Hand function is crucial for maintaining independence in daily life activities. Hands perform countless small and large tasks each day – such as brushing teeth, raking leaves, pouring coffee, sewing, or knitting. Hand stiffness can make simple tasks overwhelming.
According to an article published in The Journal of Gerontology, hand function decreases with age in both men and women, especially after the age of 65.  The age-related challenges often relate to grip strength and hand dexterity in the elderly population. Common conditions such as osteoarthritis, rheumatoid arthritis, and osteoporosis are factors in impaired hand function.
One easy and noninvasive way to help keep joints flexible, improve range of motion, and relieve arthritis pain is by doing hand exercises. The British Medical Journal published a study about how various stretches can help promote full hand function and range of motion. The study found that the participants with rheumatoid arthritis had improved hand function after practicing hand exercises.  Exercise and stretching can also help maintain joint movement and flexibility, and relieve stiffness.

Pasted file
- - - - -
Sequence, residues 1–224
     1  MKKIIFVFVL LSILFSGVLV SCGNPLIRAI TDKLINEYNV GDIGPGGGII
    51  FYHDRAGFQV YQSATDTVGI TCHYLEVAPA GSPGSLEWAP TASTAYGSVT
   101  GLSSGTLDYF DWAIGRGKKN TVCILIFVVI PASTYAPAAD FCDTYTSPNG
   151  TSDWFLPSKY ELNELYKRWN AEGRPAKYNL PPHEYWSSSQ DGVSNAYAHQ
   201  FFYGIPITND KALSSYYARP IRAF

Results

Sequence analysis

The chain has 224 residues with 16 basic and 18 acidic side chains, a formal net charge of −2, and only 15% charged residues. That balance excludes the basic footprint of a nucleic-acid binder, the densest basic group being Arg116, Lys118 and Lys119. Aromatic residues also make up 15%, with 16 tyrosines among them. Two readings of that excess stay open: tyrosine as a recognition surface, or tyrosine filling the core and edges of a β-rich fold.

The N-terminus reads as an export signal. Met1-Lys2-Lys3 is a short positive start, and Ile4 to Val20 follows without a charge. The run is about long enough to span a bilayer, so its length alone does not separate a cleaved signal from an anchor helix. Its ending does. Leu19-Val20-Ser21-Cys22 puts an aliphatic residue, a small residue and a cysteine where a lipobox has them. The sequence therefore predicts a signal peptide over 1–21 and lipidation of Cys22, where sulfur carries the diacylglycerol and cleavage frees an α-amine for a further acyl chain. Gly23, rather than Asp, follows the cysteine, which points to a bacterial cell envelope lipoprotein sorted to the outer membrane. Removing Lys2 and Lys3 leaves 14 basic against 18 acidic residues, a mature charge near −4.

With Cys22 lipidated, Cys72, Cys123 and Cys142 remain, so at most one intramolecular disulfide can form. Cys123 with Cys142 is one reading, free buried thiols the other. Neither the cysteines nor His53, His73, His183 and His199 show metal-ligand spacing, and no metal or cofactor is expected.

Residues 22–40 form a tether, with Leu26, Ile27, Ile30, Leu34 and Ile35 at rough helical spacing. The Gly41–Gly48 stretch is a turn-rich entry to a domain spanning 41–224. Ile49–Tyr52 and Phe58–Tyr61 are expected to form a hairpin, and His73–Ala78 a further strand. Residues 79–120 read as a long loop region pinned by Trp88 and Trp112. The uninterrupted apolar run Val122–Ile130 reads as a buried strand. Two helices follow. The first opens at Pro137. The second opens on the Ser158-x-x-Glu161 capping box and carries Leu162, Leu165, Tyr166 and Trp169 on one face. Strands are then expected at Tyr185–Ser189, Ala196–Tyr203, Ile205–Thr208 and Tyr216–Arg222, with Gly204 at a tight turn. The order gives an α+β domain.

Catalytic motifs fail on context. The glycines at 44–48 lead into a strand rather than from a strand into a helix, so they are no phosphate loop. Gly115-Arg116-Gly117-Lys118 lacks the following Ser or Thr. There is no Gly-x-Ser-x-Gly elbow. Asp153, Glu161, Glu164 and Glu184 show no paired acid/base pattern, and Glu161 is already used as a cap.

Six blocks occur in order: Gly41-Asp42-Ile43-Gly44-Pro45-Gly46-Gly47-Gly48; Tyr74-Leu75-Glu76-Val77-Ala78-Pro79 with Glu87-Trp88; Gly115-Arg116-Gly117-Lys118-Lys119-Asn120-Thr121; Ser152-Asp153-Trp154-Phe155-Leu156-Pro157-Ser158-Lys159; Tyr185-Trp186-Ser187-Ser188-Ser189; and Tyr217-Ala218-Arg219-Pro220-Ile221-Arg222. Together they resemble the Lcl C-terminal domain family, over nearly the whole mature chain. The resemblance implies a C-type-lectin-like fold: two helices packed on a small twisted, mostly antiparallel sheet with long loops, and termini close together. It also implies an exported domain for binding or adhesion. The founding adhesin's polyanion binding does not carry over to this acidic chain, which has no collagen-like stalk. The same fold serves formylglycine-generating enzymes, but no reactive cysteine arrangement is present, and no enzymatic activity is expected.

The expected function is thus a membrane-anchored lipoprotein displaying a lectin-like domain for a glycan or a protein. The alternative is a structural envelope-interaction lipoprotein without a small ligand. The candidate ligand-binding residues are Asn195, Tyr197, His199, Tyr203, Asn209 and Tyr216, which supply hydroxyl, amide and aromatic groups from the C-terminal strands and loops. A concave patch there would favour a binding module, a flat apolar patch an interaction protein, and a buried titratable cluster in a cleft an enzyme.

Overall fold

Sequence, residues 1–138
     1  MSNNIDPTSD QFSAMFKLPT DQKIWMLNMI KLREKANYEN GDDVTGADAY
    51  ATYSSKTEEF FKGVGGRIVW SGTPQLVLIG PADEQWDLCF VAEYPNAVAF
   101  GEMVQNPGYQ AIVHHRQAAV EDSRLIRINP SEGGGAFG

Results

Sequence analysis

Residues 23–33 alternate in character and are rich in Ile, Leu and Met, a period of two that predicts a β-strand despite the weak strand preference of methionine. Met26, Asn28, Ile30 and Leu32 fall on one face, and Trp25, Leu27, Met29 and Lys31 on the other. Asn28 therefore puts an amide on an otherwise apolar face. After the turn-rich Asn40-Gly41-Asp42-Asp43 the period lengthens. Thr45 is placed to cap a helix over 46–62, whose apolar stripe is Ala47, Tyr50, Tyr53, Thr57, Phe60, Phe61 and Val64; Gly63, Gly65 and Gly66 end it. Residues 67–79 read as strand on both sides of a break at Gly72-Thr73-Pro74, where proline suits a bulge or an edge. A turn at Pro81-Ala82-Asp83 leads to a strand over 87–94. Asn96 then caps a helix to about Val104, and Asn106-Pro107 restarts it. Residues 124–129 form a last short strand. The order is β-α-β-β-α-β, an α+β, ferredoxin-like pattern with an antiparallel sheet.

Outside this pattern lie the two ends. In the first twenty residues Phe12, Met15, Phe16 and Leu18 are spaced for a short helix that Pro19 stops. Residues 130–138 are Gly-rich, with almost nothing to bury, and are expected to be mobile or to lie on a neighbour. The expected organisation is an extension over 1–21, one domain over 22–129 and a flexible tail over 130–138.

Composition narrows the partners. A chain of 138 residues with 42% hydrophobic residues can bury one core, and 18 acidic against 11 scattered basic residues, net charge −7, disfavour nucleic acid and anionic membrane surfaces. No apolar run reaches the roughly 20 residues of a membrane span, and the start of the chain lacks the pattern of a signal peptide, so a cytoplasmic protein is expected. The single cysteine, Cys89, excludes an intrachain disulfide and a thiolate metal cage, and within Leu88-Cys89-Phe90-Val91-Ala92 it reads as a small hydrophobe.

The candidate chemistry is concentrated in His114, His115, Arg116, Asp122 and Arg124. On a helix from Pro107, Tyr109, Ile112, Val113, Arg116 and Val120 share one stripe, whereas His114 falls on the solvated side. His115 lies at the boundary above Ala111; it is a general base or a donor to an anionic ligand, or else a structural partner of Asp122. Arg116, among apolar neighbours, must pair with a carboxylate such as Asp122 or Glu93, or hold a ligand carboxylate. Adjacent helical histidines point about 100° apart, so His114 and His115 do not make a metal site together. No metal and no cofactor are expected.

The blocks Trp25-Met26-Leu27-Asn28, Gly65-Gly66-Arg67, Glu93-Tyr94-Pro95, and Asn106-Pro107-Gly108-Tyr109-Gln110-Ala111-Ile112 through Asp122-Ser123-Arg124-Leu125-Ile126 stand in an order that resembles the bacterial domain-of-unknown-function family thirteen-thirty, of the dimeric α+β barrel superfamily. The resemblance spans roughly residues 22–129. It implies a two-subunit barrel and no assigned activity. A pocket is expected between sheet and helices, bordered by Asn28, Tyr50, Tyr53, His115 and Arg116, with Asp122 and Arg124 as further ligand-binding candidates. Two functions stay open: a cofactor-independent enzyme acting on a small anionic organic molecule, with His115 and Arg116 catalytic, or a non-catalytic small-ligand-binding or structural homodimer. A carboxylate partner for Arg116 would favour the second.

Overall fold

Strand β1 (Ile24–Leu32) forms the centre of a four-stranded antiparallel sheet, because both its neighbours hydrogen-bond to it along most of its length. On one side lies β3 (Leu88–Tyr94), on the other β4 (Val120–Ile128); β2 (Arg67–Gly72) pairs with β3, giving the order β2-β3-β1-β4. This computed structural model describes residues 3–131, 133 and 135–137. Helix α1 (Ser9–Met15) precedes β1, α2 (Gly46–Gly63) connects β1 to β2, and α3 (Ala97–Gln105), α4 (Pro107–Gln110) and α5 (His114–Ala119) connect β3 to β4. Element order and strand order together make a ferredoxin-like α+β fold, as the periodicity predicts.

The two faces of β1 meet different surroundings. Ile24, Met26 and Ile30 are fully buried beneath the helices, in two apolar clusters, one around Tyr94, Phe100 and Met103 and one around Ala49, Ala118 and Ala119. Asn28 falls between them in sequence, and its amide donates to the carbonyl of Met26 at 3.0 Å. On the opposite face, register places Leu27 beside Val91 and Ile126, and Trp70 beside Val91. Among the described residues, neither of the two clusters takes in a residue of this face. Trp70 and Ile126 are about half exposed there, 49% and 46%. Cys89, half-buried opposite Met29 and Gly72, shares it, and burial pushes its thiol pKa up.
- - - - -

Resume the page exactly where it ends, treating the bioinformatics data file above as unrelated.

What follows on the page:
Researchers used exercises such as:
- Increase flexibility with flat-hand finger lifts, placing hands flat and slowly raising each finger off the table
- Increase range of motion by making a fist, keeping the thumb across fingers and not beneath them
- Improve grip by “walking” the fingers toward an object
- Increase dexterity with finger pinches, touching the thumb to the tip of each finger
- Maintain flexibility by spreading the fingers as far as possible and holding for several seconds
 E. Carmeli, H. Patish, R. Coleman. The Aging Hand. The Journals of Gerontology: Series A, Vol 58. (2). February 2003. Pages N146-M152. Doi:10.1093/geronb/gbz146.
 Williamson E, McConkey C, Heine P, et al. Hand exercises for patients with rheumatoid arthritis: an extended follow-up of the SARAH randomized controlled trial. BMJ Open 2017; 7: e013121. Doi: 10.1136/bmjopen-2016-013121.